Our postgraduate courses will provide you with advanced knowledge in media, culture, new technology or communication practices. You will also develop high-level skills in creative problem-solving.
Both courses are ideal for people who want to extend their knowledge and skill sets in any of the major course areas. They are also suitable for those with expertise in other disciplines who are aiming for a career change.
Taught by experienced professionals with strong industry connections, the courses are hands-on and combine a strong practical and industry focus.
Our students benefit from access to our purpose-built professional facilities and resources, such as Curtin FM 100.1, the Hayman Theatre, Curtin’s Media Production Studio, the Centre for Culture and Technology, John Curtin Gallery, Western Independent online news and Grok magazine.
Students who complete the master degree to a high standard can apply for doctoral-level studies.
Choose your stream or major
A postgraduate arts course enables you to specialise in your preferred study area. Graduate certificate students select a study stream and master degree students select a major from the following areas:
- Creative Writing
- Fine Art
- Professional Writing and Publishing
- Screen Arts
- Social and Cultural Inquiry.
Please refer to the handbook for additional course overview information.
How this course will make you industry ready
We provide on-campus and industry-based initiatives to enhance your postgraduate experience and skills development.
- Fine Art residency
Each semester, Curtin hosts one or two artists in residence who interact with students in the studio and provide consultations and artist talks.
- Fremantle Dockers partnership
Curtin’s alliance with the Fremantle Football Club provides students with opportunities to work with the club in journalism and multimedia initiatives.
- Hayman Theatre patron
Award-winning playwright and actor Kate Mulvany is the Patron of the Hayman Theatre, the Hayman Theatre Company and the Curtin Theatre Arts Program. As a Curtin alumna, she inspires and encourages future generations of Theatre Arts graduates.
- Award-winning authors
Our Professor of Writing is Professor Kim Scott, recipient of numerous literary prizes, including two Miles Franklin awards. He also leads the Indigenous Culture and Digital Technologies program at our Centre for Culture and Technology.
What jobs can the Arts lead to?
The future of creative arts, media and social inquiry
Interactive technologies, big data and digital culture are changing the worlds we live in, leading to new demands for critical capacity and creativity in addressing commercial and social issues. Curtin’s courses focus on production, self-directed learning and research, ensuring that our students are successful in critically engaging in emerging industries and cultures globally.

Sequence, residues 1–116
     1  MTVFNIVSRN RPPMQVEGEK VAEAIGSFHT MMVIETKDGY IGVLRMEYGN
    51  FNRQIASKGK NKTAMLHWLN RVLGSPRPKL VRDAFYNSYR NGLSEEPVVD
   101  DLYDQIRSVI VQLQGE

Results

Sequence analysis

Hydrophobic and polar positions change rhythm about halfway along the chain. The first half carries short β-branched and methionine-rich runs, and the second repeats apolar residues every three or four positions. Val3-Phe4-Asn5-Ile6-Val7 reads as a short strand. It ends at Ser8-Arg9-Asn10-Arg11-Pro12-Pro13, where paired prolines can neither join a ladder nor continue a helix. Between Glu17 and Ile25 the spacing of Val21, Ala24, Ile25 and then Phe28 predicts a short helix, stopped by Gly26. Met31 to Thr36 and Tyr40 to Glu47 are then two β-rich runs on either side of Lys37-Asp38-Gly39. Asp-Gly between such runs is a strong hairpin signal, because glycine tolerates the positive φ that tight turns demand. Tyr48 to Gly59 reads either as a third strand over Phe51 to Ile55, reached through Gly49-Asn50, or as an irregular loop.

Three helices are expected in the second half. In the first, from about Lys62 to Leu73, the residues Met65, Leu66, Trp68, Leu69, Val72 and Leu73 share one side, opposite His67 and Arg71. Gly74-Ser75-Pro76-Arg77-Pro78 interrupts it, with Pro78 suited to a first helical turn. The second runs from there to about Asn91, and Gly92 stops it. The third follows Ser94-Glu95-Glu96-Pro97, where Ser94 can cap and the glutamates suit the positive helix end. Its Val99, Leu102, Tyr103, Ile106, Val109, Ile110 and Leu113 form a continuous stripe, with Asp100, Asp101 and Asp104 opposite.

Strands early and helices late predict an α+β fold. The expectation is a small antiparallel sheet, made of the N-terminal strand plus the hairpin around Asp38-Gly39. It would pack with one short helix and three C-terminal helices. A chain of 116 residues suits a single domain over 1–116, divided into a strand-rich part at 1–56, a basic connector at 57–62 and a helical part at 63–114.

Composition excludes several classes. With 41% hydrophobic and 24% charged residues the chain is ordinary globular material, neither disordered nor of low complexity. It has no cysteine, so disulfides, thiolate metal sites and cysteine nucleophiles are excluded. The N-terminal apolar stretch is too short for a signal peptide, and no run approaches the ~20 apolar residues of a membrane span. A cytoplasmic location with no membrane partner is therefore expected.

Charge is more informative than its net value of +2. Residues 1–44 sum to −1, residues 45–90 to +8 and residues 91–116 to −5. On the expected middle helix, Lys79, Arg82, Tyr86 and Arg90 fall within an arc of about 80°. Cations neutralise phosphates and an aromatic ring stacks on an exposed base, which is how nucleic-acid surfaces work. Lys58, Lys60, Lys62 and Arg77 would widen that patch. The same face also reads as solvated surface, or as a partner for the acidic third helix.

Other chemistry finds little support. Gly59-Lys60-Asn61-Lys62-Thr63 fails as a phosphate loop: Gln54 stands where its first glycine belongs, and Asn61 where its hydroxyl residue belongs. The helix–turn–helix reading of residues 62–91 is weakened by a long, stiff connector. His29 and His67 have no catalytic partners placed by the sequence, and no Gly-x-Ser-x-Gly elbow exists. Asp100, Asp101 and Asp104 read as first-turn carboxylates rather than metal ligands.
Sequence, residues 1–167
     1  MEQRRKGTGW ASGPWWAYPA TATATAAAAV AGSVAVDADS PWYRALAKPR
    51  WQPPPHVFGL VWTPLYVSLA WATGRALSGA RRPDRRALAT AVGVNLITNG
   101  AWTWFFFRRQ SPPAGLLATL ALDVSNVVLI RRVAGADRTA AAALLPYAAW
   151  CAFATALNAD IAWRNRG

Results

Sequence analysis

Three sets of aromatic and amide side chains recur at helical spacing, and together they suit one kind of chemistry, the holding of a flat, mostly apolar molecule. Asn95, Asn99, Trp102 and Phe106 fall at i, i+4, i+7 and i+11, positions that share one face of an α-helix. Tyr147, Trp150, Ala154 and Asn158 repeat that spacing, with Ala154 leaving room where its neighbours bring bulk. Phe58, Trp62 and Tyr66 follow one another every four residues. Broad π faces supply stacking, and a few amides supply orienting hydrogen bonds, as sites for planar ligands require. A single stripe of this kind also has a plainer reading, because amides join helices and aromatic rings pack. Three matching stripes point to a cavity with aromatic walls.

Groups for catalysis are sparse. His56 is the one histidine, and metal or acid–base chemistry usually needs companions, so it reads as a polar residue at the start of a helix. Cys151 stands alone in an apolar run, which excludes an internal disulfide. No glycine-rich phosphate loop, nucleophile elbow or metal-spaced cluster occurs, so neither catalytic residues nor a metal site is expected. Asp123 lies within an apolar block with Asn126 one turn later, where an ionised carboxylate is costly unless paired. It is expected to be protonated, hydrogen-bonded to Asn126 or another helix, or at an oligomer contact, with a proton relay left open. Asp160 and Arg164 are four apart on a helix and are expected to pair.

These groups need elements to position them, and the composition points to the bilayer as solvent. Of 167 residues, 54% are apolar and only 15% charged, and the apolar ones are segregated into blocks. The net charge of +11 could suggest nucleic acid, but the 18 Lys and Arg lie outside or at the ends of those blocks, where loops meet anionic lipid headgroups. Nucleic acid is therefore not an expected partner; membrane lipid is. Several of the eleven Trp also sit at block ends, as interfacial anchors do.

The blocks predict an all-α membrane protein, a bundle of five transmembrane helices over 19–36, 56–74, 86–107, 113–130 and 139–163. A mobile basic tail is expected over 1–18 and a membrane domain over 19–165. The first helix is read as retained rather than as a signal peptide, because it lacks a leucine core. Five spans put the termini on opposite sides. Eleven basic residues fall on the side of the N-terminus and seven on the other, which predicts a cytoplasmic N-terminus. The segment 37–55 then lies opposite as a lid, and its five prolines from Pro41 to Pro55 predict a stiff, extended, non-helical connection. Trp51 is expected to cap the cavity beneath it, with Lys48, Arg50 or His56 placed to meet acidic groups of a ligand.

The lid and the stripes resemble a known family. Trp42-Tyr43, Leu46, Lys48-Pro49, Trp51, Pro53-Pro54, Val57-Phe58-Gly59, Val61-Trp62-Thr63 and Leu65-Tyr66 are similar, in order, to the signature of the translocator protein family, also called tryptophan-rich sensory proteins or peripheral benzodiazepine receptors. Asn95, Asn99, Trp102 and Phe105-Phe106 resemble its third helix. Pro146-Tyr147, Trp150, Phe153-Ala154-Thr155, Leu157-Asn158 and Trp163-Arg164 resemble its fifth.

Our studies are grounded in Nyungar country to strengthen understandings of the ethics, politics and complexities of social inquiry and creative production. Students can practise their skills on placement with industry, arts and community organisations in Australia and overseas, developing confidence and engagement with relevant networks.
- Film and television
- Writing, editing and publishing
- Fine arts and creative production
- Galleries and museums
- Corporate and political communications
- Advertising and marketing
- Media and entertainment
- Government and public policy.
What you'll learn
- understand the discipline of a selected field in the Arts, its theoretical underpinnings, ways of thinking and professional or creative approaches; understand and apply established knowledge, principles, and professional or creative practices in chosen aspects of the Arts
- apply logical and rational processes to analyse the components of a subject or project and engage critically with the subject matter to respond creatively within a selected communication paradigm
- determine what information is needed and where it might be found using appropriate technologies; make valid judgements and synthesise information from a range of sources and apply best practice in developing a professional or creative work in response to a particular situation
- communicate appropriately with colleagues, professional and creative contacts and the general public and develop communication skills across one or more media forms appropriate to varying situations
- assess the application of existing technologies as well as the impact of emerging technologies on a selected communication or media discipline to create an effective professional or creative work; develop the technology skills necessary for obtaining, assessing and representing relevant information. Decide on appropriate applications and systems for professional and/or creative needs
- understand and apply a range of learning strategies; take responsibility for one's own learning and development; sustain intellectual curiosity and develop a commitment to professional research, publication or performance to engage with emerging forms of theory and practice in the Arts
- think globally and consider issues from a variety of perspectives and apply relevant international standards, tools and practices to one’s professional or creative practice
- acknowledge the interrelationship between local, national, and global perspectives and the impact of these the Arts: recognise individual human rights, and appreciate the importance of cultural diversity and the sensitivities which may be created when engaging with and representing issues pertaining to ethnic and community groups
- demonstrate professional behaviour and standards and work collaboratively to apply them in all aspects of creative practice and production-related activities